REVIEW: "Network Security Jumpstart", Matthew Strebe
- BKNTSCJS.RVW 20030604
"Network Security Jumpstart", Matthew Strebe, 2002, 0-7821-4120-X,
%A Matthew Strebe mbs+jumpstart@...
%C 1151 Marina Village Parkway, Alameda, CA 94501
%I Sybex Computer Books
%O U$24.99/C$39.95/UK#18.99 800-227-2346 info@...
%P 365 p.
%T "Network Security Jumpstart"
The introduction states that this book is suitable for anyone from the
home user to the network administrator to the CEO. Which is a pretty
Chapter one has a decent overview of why computers aren't secure, a
scant computer security history, a few security concepts, and a fairly
trivial set of "review" questions. There is a media level exposition
on "hackers," in chapter two, a rough outline of intrusion procedures,
and a list of specific attacks that I'm not sure the author fully
understands. (Immediately following "Denial of Service" comes a
separate entry for "Floods": flooding being a type of denial of
service.) There is a terse introduction to cryptography, and not much
more than chapter one gave us about authentication, in chapter three.
The suggestions for policy creation, in chapter four, aren't bad for
simple cases, but seriously understate the difficulty of establishing
a full policy, even for home users. Chapter five describes firewalls
(and seven tells a little bit more about using them at home). Chapter
six makes the common mistake of assuming that all VPNs (Virtual
Private Networks) are about confidentiality: some are merely about
managing communications configurations.
There is some correct and useful information about viruses in chapter
eight, but it is unfortunately mixed in with a lot of garbage.
Windows NT and its subsequent versions are *not* immune to viruses,
although a rigorous set of file permissions can reduce your risk of
file infectors (which are no longer a major category anyway).
Signature scanners are *not* the only type of antiviral software.
Viruses were *not* invented by accident, BRAIN *never* had an onscreen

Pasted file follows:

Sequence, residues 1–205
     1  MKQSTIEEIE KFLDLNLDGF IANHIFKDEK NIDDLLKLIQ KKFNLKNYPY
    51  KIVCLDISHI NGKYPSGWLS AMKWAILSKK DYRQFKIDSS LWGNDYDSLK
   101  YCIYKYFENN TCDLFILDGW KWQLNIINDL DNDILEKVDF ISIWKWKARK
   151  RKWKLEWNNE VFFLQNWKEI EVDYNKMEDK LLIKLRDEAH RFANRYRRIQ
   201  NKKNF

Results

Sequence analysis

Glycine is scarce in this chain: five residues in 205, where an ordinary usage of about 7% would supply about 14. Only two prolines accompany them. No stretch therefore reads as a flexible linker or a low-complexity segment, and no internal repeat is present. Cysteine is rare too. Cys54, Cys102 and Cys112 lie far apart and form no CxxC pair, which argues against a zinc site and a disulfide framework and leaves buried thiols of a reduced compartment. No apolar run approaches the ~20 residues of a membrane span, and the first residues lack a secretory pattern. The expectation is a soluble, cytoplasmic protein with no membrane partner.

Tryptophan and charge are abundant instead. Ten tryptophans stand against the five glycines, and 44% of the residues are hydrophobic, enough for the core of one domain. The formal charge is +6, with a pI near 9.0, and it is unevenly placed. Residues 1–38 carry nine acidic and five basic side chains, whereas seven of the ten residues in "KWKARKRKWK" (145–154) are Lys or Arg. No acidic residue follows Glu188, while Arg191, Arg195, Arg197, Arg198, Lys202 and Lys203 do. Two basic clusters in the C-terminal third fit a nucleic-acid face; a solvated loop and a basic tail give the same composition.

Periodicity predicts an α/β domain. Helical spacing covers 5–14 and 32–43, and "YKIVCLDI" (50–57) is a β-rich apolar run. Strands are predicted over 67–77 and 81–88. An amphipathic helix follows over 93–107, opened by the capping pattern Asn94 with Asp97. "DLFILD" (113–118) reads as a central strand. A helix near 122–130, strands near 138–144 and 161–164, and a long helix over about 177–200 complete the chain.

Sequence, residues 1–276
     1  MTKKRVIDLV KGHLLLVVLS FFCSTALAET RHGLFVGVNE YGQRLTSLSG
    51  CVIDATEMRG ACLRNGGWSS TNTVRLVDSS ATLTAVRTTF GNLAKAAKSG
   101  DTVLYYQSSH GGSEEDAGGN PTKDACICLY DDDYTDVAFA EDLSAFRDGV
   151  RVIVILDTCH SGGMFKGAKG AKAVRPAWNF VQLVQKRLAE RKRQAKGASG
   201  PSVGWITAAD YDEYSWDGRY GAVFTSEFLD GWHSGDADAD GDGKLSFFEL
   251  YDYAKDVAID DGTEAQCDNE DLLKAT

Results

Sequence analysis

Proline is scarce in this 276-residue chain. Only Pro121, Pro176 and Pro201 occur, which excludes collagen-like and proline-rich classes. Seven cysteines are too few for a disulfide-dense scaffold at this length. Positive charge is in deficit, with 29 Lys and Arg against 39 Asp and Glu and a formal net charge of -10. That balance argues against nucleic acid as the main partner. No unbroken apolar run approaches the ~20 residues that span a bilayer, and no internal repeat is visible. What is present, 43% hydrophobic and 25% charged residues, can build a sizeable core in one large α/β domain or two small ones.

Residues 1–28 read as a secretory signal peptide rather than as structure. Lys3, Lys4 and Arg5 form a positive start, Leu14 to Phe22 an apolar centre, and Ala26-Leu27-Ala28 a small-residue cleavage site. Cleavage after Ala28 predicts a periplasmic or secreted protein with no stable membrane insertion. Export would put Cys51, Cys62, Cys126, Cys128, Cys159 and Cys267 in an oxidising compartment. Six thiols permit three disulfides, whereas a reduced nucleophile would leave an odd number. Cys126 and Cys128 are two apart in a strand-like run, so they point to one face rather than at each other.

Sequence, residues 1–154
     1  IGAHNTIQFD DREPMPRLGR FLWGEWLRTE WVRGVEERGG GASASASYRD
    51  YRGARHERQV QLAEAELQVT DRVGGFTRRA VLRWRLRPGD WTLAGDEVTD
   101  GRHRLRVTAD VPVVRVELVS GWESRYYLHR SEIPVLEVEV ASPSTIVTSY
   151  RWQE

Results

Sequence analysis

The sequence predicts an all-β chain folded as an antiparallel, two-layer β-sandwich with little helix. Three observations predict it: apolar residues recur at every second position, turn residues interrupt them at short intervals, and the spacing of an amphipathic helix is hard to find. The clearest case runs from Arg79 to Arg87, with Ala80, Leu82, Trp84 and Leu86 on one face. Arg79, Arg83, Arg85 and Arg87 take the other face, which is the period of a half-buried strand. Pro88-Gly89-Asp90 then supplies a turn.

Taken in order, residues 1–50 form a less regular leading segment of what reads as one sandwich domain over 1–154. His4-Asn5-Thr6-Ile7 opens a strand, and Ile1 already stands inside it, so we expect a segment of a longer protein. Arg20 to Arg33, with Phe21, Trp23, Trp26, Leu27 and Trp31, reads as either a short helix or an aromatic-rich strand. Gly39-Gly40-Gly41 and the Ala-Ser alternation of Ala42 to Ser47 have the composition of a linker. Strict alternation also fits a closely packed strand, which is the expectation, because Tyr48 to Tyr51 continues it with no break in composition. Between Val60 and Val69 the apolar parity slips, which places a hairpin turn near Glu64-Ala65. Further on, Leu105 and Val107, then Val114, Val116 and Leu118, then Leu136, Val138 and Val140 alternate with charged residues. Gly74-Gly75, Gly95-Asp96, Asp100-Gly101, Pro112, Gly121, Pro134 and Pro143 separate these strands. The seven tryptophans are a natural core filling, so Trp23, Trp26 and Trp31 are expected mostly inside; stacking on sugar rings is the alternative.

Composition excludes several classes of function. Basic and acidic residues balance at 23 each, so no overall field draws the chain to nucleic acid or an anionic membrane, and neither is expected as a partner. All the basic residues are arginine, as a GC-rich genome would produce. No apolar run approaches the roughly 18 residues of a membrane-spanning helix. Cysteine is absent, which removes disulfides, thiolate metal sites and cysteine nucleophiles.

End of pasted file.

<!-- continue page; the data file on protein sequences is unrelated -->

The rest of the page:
display and didn't infect program files, and neither Stoned nor
Jerusalem (Friday the 13th is one variant) were based on BRAIN.
Neither Stoned nor BRAIN relied on program sharing to propagate: data
disks were quite sufficient. Viruses that only replicate are *not*
benign (anybody ever have problems with Stoned? Melissa?
Loveletter?), *will* be discovered, and scanning signatures *are*
Fault tolerance, in chapter nine, is not quite business continuity
planning (BCP), but does go beyond the usual UPS (Uninterruptable
Power Supply) and backup recommendations. Although chapter ten lists
a number of security mechanisms in Windows, a practical understanding
of their use is not presented. The UNIX tools in eleven are described
more usefully--but they only relate to file permissions. The network
security tools for UNIX are in twelve--but are only enumerated.
Chapter thirteen has good suggestions for Web server security--but
doesn't say how to implement them. A random collection of email
security tools and threats makes up chapter fourteen. IDS (Intrusion
Detection System) concepts are not explained very well in chapter
fifteen: Strebe apparently doesn't understand that all forms use audit
data of one type or another, and doesn't list the major distinctions
between either the engine type or sensor location.
Even given all the faults, one has to admit that Strebe has not done a
bad job with his ambitious intent. Certainly home users and CEOs can
find better explanations here than in many of the other works aimed at
them, however much I might wish that the book as a whole was more
accurate. And, yes, even the network administrators might find some
helpful points in the more conceptual material at the beginning of the
book: most of them could do with a better understanding of the need
for policy. This work isn't great, by any means, but it can fulfill a
need for a quick guide to network threats, for a variety of audiences.
copyright Robert M. Slade, 2004 BKNTSCJS.RVW 20030604
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